Roger of Wendover
Benedictine monk, first of the great chroniclers of St. Albans Abbey, date of birth unknown; d. 1236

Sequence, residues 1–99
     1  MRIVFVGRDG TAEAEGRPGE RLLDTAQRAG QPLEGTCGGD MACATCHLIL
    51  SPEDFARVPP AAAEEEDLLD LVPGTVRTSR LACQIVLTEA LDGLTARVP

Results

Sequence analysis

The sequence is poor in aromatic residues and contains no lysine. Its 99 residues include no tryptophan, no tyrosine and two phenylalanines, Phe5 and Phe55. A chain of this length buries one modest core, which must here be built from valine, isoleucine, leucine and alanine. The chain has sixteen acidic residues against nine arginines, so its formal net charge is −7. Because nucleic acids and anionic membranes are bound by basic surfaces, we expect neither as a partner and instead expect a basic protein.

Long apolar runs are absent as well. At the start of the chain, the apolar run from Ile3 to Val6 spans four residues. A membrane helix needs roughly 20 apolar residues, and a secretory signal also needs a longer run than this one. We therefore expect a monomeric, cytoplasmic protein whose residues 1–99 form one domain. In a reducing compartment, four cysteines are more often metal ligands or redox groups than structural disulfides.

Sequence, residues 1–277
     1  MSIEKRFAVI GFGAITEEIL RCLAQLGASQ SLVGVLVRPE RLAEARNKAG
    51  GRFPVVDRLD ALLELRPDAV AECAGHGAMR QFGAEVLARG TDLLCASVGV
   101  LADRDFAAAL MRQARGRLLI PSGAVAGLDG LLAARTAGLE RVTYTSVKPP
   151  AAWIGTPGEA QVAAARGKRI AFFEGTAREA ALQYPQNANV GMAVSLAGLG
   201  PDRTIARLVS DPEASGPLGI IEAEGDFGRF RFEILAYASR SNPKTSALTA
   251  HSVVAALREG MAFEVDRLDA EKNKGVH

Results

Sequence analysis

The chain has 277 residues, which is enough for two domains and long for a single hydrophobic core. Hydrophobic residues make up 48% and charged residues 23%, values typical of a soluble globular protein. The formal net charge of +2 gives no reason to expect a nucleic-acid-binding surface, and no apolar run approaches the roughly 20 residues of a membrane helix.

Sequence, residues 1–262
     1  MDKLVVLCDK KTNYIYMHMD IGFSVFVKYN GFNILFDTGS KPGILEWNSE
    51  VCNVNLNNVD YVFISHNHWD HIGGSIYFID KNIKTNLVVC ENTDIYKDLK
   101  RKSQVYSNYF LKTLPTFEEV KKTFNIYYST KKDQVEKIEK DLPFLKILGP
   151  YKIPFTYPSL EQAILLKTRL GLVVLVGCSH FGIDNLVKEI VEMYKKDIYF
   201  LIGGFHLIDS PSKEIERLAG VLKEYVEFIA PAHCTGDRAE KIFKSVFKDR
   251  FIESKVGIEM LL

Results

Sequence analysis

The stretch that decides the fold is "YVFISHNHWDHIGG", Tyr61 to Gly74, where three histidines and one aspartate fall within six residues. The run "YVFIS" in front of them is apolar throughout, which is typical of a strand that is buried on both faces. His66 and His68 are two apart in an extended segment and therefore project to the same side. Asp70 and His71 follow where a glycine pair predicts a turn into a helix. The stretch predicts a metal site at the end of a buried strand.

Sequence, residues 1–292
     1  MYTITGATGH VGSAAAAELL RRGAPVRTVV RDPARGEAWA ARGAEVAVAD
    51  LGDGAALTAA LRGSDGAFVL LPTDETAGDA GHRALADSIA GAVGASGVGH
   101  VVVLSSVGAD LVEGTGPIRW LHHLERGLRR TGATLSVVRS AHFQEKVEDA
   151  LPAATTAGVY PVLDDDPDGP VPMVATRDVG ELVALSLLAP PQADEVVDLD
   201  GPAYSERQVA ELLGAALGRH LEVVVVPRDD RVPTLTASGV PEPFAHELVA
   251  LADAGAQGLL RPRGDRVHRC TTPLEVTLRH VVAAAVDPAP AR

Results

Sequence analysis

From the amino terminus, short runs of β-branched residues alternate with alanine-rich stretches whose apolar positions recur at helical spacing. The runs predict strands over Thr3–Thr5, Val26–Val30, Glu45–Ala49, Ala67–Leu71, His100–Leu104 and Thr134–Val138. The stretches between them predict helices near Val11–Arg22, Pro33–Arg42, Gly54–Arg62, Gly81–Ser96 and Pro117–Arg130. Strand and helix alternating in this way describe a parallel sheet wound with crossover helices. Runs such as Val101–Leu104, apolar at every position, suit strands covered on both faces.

Roger of Wendover, a Benedictine monk, date of birth unknown; d. 1236, the first of the great chroniclers of St. Albans Abbey. He seems to have been a native of Wendover in Buckinghamshire and must have enjoyed some little consideration among his brethren as he was appointed prior of the cell of Belvoir, but from this office he was deposed and retired to St. Albans, where he probably wrote his chronicle, known as the “Flores Historiarum”, extending from the Creation to 1235. From the year 1202 it is an original and valuable authority, but the whole material has been worked over and in a sense reedited with editions by Matthew Paris (q.v.) in his “Chronica Majora”. Wendover is less prejudiced than Paris, but he is also less picturesque, and whereas Paris in his generalizations and inferences as to the causes of events anticipates the scope of the modern historian, Wendover is content to discharge the functions of a simple chronicler. The “Flores Historiarum” was edited for the English Historical Society in 1841 by H. 0. Coxe in five volumes, beginning with the year 447, when Wendover for the first time turns directly to the history of Britain. But in 1886-1889 the more valuable part of the work (from 1154 to 1235) was reedited by H. G. Hewlett as part of the Rolls Series in three volumes.